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IBM India: IBM & Mother Dairy: Bonding in the time of Covid-19 – Latest News

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Partnerships are tested in difficult times. And this is a story of a partnership that grew stronger during the Covid-19 pandemic. It’s about Mother Dairy, which was an absolutely crucial source of supply of milk and fruits & vegetables for Delhi during the lockdown. And it’s about IBM, which runs most of Mother Dairy’s IT systems and on whom fell the responsibility to ensure that Mother Dairy’s operations ran like clockwork during this time.

Milk and fruits & vegetables are perishables. That makes Mother Dairy’s operations even more complex. Its 110 tankers have to leave early in the morning, must reach the right destinations at the right time, and be back to be cleaned so that they can be ready again to do the next trip – so that Delhi’s milk supply does not dry up.

All of these operations, and the 28 or so quality tests done on milk though the manufacturing and supply chain processes, are run by an SAP system. Mother Dairy also has distributed billing systems and other retail applications across its over 1,000 milk booths and Safal outlets, all critical to smooth functioning.

And despite the enormous challenges on account of the pandemic and lockdown, “we had no downtime at all, not once,” says Annie Mathew, chief information officer at Mother Dairy Fruit & Vegetable.

Monitoring people, their physical health and mental motivation, managing transport, food, ensuring all systems are up, it was all very challenging

Lingraju G Sawkar, GM, GTS, IBM India

Mathew says the IBM team stepped up like none else. “We had other partners who, even though we gave them letters (authorisation letters to operate in the lockdown, given that Mother Dairy’s was an essential service), the people were too scared to step out, not willing to take the risk,” she says. Some of these other partners were also major IT companies.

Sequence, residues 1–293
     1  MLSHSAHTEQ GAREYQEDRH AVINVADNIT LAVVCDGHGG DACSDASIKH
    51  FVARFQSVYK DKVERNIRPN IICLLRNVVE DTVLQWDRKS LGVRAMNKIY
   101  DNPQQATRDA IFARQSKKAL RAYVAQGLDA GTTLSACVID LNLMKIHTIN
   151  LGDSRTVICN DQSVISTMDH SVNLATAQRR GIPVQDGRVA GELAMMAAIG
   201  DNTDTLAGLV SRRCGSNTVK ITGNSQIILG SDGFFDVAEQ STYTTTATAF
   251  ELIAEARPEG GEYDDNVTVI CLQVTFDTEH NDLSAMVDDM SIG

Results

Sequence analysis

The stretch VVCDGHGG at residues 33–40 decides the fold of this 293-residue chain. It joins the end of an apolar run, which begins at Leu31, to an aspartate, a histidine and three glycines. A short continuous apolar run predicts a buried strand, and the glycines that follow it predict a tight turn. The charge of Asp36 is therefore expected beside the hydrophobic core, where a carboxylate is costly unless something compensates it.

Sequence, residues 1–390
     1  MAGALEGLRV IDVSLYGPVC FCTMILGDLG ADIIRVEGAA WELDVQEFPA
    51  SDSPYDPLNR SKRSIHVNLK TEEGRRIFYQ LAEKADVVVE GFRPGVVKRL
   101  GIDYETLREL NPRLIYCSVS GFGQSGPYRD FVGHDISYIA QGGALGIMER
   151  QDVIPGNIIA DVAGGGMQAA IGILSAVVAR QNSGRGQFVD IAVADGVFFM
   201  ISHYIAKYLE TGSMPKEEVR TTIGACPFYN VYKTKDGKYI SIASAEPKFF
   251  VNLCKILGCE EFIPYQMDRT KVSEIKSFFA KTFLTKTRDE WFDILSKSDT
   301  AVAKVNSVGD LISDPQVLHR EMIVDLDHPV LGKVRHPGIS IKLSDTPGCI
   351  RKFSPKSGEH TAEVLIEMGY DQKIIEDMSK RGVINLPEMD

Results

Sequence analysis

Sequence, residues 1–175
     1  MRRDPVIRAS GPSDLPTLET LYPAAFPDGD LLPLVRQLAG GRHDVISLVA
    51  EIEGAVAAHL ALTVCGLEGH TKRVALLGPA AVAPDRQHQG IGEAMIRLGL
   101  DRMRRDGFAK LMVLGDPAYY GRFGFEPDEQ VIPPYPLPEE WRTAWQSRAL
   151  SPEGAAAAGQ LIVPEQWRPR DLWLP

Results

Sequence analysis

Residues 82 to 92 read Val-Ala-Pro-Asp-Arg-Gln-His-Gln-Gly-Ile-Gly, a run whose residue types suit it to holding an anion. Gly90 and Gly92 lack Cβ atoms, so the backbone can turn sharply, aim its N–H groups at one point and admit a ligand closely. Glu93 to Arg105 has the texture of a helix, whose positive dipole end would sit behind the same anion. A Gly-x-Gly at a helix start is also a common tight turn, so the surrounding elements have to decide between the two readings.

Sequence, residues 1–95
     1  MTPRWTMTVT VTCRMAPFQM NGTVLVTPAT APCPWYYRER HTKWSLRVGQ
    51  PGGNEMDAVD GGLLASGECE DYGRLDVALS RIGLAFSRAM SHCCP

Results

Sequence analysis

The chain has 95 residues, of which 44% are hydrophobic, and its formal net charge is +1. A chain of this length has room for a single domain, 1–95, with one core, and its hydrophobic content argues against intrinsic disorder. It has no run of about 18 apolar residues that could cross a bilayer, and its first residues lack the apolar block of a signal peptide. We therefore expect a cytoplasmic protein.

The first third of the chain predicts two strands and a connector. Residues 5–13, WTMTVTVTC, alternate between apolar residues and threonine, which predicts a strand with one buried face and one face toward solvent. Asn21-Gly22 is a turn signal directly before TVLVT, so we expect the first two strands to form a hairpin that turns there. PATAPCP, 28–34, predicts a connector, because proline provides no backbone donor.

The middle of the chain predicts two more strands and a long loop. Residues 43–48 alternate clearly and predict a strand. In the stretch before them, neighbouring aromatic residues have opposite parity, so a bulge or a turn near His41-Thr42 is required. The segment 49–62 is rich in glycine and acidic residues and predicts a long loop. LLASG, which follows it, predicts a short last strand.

Lingraju Sawkar, GM in the global technology services (GTS) business at IBM India, says at the core of the partnership were the people who understood the criticality of the Mother Dairy business. “We expect our people to understand the customer’s business very closely, and the implications of the work they do on the customer’s business. The remote operator in Bengaluru who is handling the Mother Dairy operation in Delhi, even if he hasn’t seen the operation, we take the effort to tell him and connect him to Annie’s staff. These really helped,” he says.

Whenever we say, prepare for the worst, we don’t take it so seriously. That attitude will now change. It’s also true that there is nothing you can’t cope with

Annie Mathew, CIO, Mother Dairy Fruit & Vegetable

IBM arranged secure connectivity for all Mother Dairy employees working from home. Mother Dairy’s data centre is in Noida. IBM took state permissions to move a lot of critical spares to the data centre that are otherwise kept in a logistics centre so that any issues could be promptly addressed without worrying about the risks of transport and commute. Some systems needed periodic restarts, without which they slowed down. Those were remotely done.

Governance meetings were done using collaboration tools to solve issues proactively, look at health reports, and ensure teams have sufficient backup.

Teams, Sawkar says, went beyond the call of duty. “Also, technology enabled people to work remotely, and still ensure availability and uptime of infrastructure.” So this is also a story about the value of digitisation.



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